HARTFORD, Connecticut — A western Massachusetts preparatory school will pay $500,000 to settle a lawsuit by a former student who said he was sexually abused by a faculty member on trips to Connecticut and elsewhere in the 1980s, his attorney said Tuesday.
The plaintiff alleged in the lawsuit, filed last June in federal court in Connecticut, that he was abused while on Deerfield Academy trips for golf and squash matches against other prep schools.
Besides the school, the lawsuit named two former coaches as defendants, alleging that after competitions they would take the former student to the car of English teacher Bryce Lambert, who would abuse him before driving him home. Lambert died in 2007, and no criminal charges were brought against him or the two coaches.
The abuse occurred while the plaintiff attended the school between 1983 and 1985, when he was between the ages of 15 and 17, his attorney Mitchell Garabedian said. Garabedian, who's noted for his representation of church abuse victims, said Lambert molested the student more than 100 times on trips around New England and New York state.
"My client looked to Bryce Lambert as having total power and authority," Garabedian said. "My client would attend squash events and golf events in Connecticut against other schools, and Bryce Lambert would be waiting in the parking lot to take my client on excursions."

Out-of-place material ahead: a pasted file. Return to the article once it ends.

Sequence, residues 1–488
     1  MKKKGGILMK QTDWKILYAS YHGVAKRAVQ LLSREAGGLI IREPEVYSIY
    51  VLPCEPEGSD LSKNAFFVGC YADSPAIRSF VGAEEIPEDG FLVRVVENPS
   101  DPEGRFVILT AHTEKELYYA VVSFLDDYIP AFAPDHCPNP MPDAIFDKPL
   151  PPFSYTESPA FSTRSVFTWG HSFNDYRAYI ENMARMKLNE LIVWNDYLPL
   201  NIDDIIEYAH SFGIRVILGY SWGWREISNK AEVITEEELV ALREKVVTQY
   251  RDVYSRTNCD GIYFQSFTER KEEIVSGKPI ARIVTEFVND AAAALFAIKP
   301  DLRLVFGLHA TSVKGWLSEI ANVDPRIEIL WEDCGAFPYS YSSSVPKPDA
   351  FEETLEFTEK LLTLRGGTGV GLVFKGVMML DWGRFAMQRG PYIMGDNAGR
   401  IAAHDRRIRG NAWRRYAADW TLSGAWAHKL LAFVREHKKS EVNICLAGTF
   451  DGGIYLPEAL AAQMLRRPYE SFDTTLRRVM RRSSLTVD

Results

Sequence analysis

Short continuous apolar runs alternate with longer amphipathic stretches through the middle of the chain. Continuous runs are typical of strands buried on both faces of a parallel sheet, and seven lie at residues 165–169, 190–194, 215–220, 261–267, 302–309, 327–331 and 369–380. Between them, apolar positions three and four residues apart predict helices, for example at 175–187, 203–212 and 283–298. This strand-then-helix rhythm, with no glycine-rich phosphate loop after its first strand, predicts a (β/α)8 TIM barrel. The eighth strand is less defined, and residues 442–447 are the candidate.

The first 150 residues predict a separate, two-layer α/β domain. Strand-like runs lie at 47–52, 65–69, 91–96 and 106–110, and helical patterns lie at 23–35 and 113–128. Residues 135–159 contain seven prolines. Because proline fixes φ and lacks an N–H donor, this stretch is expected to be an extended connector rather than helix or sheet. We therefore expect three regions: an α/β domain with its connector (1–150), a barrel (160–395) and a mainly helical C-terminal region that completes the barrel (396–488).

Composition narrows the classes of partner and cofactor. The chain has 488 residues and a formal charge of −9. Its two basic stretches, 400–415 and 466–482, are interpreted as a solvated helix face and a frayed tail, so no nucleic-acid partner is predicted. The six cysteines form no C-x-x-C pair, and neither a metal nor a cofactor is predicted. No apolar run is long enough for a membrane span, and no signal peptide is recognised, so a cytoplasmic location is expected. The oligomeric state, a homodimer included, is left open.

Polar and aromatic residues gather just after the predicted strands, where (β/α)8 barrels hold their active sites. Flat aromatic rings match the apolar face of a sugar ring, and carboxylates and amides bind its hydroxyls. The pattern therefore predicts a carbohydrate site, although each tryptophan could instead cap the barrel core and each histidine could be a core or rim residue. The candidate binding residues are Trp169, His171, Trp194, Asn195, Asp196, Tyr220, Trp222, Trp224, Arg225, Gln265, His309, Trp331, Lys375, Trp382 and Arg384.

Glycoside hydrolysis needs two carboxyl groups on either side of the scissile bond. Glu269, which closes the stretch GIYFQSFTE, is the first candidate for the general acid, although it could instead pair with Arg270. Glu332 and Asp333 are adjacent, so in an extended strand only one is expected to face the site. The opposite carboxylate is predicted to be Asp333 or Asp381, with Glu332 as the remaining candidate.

A school spokesman, David Thiel, said he wouldn't comment on the settlement out of respect for the plaintiff's privacy.
A 2013 investigation conducted by a law firm for Deerfield Academy found evidence that Lambert had sexual contact with two students during his tenure there. The primary focus of the investigation was allegations of misconduct against Peter Hindle, who taught there from 1956 to 2000. No charges were filed against Hindle.
Deerfield leaders wrote in a letter that the school "could have moved more forcefully" to address signs of unacceptable behavior by Hindle and apologized.
As a result of the investigation, the school updated its policies on sexual harassment and misconduct. Hindle's name was removed from its squash facility, and a fund and writing fellowship named for Lambert were renamed.
Garabedian said that at the time of his client's abuse, Hindle was the supervisor of Lambert, who was head of the English department. Hindle has declined to comment.
Garabedian previously reached a six-figure private settlement with Hindle in an unrelated case involving another former student.
The Associated Press generally doesn't identify people who say they're victims of sexual abuse.